In recent news, the Supreme Court of India has issued an order to maintain the status quo in a significant case concerning Agama traditions. This legal battle revolves around the intricate aspects of temple practices in Tamil Nadu, particularly focusing on the appointment of archakas (priests) and their adherence to Agamic principles.
This topic of “SC Case on Agama” is important from the perspective of the UPSC IAS Examination, which falls under General Studies Portion.
SC Orders Status Quo in the Case
The Supreme Court’s decision to maintain the status quo in this case marks a pivotal moment in the ongoing debate surrounding Agama practices in Hindu temples. Let’s delve deeper into the various facets of this issue.
What is Agama?
Agama in Sanskrit: That Which Has Come to Us
The term “Agama” finds its roots in the Sanskrit language, where it signifies “that which has come to us.” In the context of Hinduism, Agama is a profound concept encompassing a set of doctrines related to temple traditions.
Definition of Agama
Agama doctrines expound a variety of subjects, serving as a stylebook for Hindu rituals and spiritual practices. These doctrines play a fundamental role in guiding temple activities and ceremonies.
Types of Agama Texts
There are two primary types of Agama texts, each associated with specific branches of Hinduism:
- Agama (Saivite Temples): These texts are primarily practiced in Saivite temples, dedicated to Lord Shiva.
- Tantra (Sakthi Temples): Tantra Agamas are followed in Sakthi temples, which worship the divine feminine energy.
Saivite Temple Practices
In Saivite temples, the Agama tradition is deeply rooted, with specific emphasis on the Tamil Agamas. These texts provide comprehensive guidelines for temple rituals and practices.
Rituals in Vaishnavite Temples Based on Agamas
Vaishnavite temples, dedicated to Lord Vishnu, follow their own set of Agamas known as the Vaikhanasa and Pancharathra Agamas.
The Vaikhanasa Agamas outline the rituals and procedures for temple worship in Vaishnavite tradition.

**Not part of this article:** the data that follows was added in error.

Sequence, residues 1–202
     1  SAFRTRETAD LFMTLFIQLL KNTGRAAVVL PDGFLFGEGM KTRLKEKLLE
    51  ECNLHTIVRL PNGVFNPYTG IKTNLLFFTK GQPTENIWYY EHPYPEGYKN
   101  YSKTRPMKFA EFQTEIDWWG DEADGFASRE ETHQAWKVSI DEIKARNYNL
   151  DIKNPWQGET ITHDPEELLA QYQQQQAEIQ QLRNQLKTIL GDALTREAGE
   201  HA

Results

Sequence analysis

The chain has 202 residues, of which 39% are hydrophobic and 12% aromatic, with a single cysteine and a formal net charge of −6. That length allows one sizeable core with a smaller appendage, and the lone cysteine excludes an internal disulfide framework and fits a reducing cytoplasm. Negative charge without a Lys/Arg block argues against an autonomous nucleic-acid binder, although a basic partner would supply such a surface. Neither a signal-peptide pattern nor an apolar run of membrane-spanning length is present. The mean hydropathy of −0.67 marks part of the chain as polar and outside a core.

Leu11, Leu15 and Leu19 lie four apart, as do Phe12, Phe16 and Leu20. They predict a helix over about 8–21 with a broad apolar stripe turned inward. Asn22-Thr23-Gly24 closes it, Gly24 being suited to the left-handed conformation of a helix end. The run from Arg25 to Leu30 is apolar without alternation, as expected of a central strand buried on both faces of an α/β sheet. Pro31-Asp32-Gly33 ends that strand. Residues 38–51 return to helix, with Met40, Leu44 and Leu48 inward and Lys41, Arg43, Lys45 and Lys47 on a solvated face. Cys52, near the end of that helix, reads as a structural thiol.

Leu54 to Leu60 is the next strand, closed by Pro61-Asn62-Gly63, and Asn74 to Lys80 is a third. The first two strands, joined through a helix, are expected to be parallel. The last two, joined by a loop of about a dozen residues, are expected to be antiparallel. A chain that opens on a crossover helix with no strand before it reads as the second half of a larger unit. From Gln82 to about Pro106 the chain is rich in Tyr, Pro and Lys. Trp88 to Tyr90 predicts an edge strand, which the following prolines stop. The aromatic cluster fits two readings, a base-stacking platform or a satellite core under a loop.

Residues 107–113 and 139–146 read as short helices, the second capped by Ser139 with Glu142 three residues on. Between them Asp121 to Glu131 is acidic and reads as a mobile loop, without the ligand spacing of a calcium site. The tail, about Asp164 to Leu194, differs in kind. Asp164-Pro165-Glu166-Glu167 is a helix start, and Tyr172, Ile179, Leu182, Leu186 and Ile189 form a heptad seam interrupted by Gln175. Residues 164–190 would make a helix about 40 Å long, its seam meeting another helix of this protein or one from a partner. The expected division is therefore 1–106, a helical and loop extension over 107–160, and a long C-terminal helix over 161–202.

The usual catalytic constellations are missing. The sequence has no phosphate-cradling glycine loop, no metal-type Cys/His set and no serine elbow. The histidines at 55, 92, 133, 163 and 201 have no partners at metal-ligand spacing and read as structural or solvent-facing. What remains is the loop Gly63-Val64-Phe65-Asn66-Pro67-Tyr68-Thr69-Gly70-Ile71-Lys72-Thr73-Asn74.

- Five Nights: The Pancharathra Agamas consist of five distinct sections, each dedicated to different aspects of temple worship.
- Believed to be Taught by Lord Vishnu to Sages: These Agamas are believed to have been taught by Lord Vishnu to sages and rishis.
Works Known as Samhitas
Within the Agama tradition, various works known as “samhitas” provide comprehensive guidance for temple practices.
- The number of these samhitas exceeds 200, covering a wide range of topics related to rituals and spirituality.
- However, only a few of these samhitas are available in print today, underscoring their rarity and significance.
Highlights of the Case
Plea Filed in Top Court
A plea was filed in the Supreme Court, seeking to quash an order issued by the Tamil Nadu state government and all consequential orders. The primary contention was that these orders attempted to interfere with the hereditary scheme of appointing archakas of specific denominations and aimed to open it to other denominations.
Appointment of Archakas
- The government had introduced a one-year certificate course for archakas in schools run by the government.
- The petitioner association argued that this move was a deviation from traditional practices, as the knowledge of Agamas requires years of rigorous training under learned Gurus.
Supreme Court’s Decision
In response to the plea, the Supreme Court ordered the maintenance of the status quo regarding the appointment of archakas in Tamil Nadu temples governed by Agamic tradition. This decision has significant implications for the preservation of age-old temple practices and the role of archakas in upholding the sanctity of Agama traditions.